What is Tay-Sachs Disease: Causes, Symptoms, Treatment, Prognosis, Life Expectancy
What is Tay–Sachs Disease?
Tay-Sachs Disease is an extremely rare genetic disorder in which the enzyme that breaks down fatty acids in the body is absent. Because of this, there is a build up of fatty substances to such an extent that they reach toxic levels in the brain of the child and start affecting the nerve cells causing a variety of symptoms from blindness to eventual death. The symptoms of Tay-Sachs Disease may start to become apparent by the time the baby reaches six months of age. As of now, there is no cure for this condition and the treatments rendered are purely symptomatic and supportive making the child as comfortable as possible and to slow down the progression of Tay-Sachs Disease.
This condition is seen mostly in the Amish Community of Pennsylvania or people from Eastern or Central European descent. Tay-Sachs Disease is an autosomal recessive trait which means that a copy of the defective gene needs to be inherited from both parents in order to get this disorder. In case if a family is at risk for developing this disorder or an individual has a family history of this disorder then it is recommended that he or she seek genetic counseling before planning to have children to see whether their offspring may have the risk for developing Tay-Sachs Disease.
What Causes Tay–Sachs Disease?
As stated above, Tay-Sachs Disease is a genetic disorder which means that the child gets this disease through his or her parents. The gene mutation responsible for development of Tay-Sachs Disease is the mutation in HEXA gene. Because of this gene there is less or no production of enzyme Hexosaminidase-A which is responsible for removing fatty substances from nerve cells. When there is no production of this enzyme then it leads to gradual build up of fatty substances in the brain that starts to hamper with the functioning of the nerve cells causing a variety of symptoms. This is what leads to Tay-Sachs Disease.
The build of fatty substances in the brain resulting in damage to the nerve cells may result in impairment of many bodily functions to include vision, speech, hearing, movement and mental abilities of a child. Tay-Sachs Disease is an autosomal recessive trait meaning that a copy of the defective gene has to be inherited from both the parents for the child to get Tay-Sachs Disease.
What are the Symptoms of Tay–Sachs Disease?
The symptoms of Tay-Sachs Disease may start to become apparent by the time the child is five to six months of age. The first visible sign of Tay-Sachs Disease is the presence of a red colored dot behind the eyes. The vision of the child may also be observed to be poor that may be clearly observed seeing that the child gets startled even with the slightest of movements even while awake and may get frightened and start crying.
The second symptom of Tay-Sachs Disease is that the child will have significant delay in meeting developmental milestones like crawling or sitting up unassisted.
By the time the child is about a year old, additional symptoms may develop which may include:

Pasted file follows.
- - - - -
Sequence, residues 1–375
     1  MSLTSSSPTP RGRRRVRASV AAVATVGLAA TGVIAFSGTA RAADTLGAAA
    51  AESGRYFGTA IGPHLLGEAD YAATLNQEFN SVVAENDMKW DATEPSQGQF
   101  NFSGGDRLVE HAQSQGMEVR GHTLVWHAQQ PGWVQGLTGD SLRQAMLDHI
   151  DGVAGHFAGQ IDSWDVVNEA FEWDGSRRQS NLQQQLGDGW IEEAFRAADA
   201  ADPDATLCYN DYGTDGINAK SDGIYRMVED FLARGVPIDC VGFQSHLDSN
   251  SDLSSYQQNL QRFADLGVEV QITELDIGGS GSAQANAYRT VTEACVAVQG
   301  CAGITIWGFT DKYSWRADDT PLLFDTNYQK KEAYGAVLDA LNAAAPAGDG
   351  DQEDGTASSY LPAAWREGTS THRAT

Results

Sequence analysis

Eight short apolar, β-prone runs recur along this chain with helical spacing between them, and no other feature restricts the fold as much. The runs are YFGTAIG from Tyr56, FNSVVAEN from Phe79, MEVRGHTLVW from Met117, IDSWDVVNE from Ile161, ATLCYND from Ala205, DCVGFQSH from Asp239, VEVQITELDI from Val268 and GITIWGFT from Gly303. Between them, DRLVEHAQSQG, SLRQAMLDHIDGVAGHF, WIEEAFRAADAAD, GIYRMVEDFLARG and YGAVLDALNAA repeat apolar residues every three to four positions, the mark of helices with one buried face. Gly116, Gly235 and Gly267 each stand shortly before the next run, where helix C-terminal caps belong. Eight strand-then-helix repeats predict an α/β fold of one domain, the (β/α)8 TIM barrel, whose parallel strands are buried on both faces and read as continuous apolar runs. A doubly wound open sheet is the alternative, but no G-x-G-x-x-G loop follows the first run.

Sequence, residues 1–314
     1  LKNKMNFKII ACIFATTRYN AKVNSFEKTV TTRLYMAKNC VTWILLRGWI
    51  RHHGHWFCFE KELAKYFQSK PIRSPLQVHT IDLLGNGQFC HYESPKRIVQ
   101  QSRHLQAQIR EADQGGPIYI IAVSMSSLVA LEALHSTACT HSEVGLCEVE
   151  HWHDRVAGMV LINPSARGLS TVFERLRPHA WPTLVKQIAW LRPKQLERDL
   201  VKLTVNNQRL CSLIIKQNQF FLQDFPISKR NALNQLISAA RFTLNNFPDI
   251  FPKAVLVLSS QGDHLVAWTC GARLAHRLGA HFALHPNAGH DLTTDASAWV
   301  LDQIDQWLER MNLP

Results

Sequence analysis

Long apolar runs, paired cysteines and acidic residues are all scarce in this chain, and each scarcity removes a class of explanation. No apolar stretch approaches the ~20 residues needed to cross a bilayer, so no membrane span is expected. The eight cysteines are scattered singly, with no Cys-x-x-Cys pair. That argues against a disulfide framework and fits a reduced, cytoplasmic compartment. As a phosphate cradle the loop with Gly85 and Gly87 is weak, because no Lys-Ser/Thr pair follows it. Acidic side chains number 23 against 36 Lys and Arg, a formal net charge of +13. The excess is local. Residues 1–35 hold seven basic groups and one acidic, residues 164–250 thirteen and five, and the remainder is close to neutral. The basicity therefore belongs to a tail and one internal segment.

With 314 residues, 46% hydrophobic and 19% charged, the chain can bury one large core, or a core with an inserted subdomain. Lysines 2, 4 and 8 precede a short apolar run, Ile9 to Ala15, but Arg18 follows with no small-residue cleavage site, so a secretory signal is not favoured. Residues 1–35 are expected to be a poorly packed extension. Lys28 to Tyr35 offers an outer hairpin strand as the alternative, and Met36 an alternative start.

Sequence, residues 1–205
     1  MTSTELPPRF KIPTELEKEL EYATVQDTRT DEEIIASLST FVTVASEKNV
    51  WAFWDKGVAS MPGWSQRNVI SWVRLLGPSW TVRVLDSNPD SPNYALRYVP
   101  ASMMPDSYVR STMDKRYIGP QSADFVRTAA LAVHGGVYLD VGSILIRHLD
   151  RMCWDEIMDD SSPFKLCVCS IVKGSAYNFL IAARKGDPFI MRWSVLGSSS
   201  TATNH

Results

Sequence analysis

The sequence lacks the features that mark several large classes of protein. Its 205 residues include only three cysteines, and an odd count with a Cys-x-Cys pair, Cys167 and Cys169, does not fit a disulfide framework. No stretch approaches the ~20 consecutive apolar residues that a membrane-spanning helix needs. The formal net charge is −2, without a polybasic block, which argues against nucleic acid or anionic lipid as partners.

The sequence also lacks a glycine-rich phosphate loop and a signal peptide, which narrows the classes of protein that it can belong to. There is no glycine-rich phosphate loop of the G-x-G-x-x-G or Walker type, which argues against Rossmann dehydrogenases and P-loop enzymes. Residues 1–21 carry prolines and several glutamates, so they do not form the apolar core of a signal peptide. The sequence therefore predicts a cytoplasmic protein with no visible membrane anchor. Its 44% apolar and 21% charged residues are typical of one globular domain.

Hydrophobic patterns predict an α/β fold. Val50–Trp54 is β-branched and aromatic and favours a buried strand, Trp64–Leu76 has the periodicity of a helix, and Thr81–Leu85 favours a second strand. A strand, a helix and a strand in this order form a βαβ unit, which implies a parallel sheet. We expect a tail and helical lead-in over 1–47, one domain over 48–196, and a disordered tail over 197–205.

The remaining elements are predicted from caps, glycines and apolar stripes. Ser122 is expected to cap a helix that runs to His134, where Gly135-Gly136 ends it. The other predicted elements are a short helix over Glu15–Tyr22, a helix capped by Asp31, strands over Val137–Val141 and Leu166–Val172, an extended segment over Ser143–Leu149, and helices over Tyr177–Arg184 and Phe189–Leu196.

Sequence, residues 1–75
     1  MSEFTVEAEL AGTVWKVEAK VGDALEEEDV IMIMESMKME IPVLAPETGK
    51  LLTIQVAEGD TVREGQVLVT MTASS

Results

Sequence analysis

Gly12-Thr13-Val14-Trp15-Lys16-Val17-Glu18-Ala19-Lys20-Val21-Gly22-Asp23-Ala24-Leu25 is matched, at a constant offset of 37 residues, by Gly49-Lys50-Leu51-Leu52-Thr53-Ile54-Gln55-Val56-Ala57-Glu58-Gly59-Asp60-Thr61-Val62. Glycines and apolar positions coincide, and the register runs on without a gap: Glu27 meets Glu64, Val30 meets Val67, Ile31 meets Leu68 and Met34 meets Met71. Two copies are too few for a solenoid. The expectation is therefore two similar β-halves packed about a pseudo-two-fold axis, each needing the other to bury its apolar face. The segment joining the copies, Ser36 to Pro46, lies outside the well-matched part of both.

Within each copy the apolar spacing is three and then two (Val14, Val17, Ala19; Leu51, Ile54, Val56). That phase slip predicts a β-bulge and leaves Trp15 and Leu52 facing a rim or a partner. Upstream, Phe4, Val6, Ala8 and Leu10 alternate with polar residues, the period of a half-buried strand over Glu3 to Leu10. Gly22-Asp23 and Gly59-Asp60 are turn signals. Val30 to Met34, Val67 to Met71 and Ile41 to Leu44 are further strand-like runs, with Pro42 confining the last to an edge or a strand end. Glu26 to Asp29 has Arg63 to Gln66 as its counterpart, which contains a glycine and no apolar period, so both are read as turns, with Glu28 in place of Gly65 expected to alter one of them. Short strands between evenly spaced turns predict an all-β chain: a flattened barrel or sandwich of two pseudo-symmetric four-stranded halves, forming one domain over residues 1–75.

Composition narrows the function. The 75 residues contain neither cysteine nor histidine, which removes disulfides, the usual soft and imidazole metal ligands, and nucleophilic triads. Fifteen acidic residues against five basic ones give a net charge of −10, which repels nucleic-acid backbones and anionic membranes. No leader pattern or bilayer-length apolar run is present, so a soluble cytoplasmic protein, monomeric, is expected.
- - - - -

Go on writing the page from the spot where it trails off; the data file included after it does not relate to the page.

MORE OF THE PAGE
- Severe muscle weakness progressing to paralysis
- Extremely poor vision
- Hearing loss
- Significant spasticity
- Repeated bouts of seizures.
Additionally, children with Tay-Sachs Disease will have frequent lung infections even little to no stimuli and in majority of the cases this is what leads to the death of the child with Tay-Sachs Disease.
How is Tay–Sachs Disease Diagnosed?
To begin with if an individual is at risk or has a family history of Tay-Sachs Disease, then he or she needs to undergo genetic testing to look for mutation of the HEXA gene before planning to start a family. This is called preconceptual screening. This can be done through a blood test of both the partners looking for HEXA gene mutations. In case if the test results are positive then there are about 30% chances of the offspring developing Tay-Sachs Disease.
If an individual does not undergo preconceptual screening for Tay-Sachs Disease and goes ahead with planning a family then antenatal screening can be performed to check whether the fetus or the child to be born will have Tay-Sachs Disease or not. This can be done during the first trimester by taking out cells from the placenta and checking it for mutations of the HEXA gene. An amniocentesis can be done between 15-20 weeks of pregnancy to check for mutations of the HEXA gene to see if the child will have Tay-Sachs Disease. In case if the test results are positive, it is to the discretion of the parents to either continues with the pregnancy or terminate the pregnancy.
In case if both the above tests are not done, then tests can be done after the child is born based on the symptoms that the child displays. If Tay-Sachs Disease is suspected then blood tests can be done to extract the DNA and check for HEXA gene mutation which will be positive in cases of Tay-Sachs Disease.
How is Tay–Sachs Disease Treated?
As of now, there is no cure for Tay-Sachs Disease and hence treatment is mainly supportive and focuses on keeping the child as comfortable as possible and treating the infections early and to prevent any other complications that may arise due to Tay-Sachs Disease. The treatment usually focuses on preventing any infections of the respiratory system including the airways and lungs. Problems swallowing can be helped with speech therapy or placing an NG tube. The problems with seizures can be controlled with anticonvulsants. Muscle stiffness can be dealt with muscle relaxer. Apart from this there is no further treatment that can be provided for treatment of Tay-Sachs Disease.
What is the Prognosis & Life Expectancy of Tay–Sachs Disease?
The prognosis of a child with Tay-Sachs Disease is extremely poor despite the best of care and at best the child may survive till the age of 5 before succumbing mostly due to frequent infections, especially of the lungs.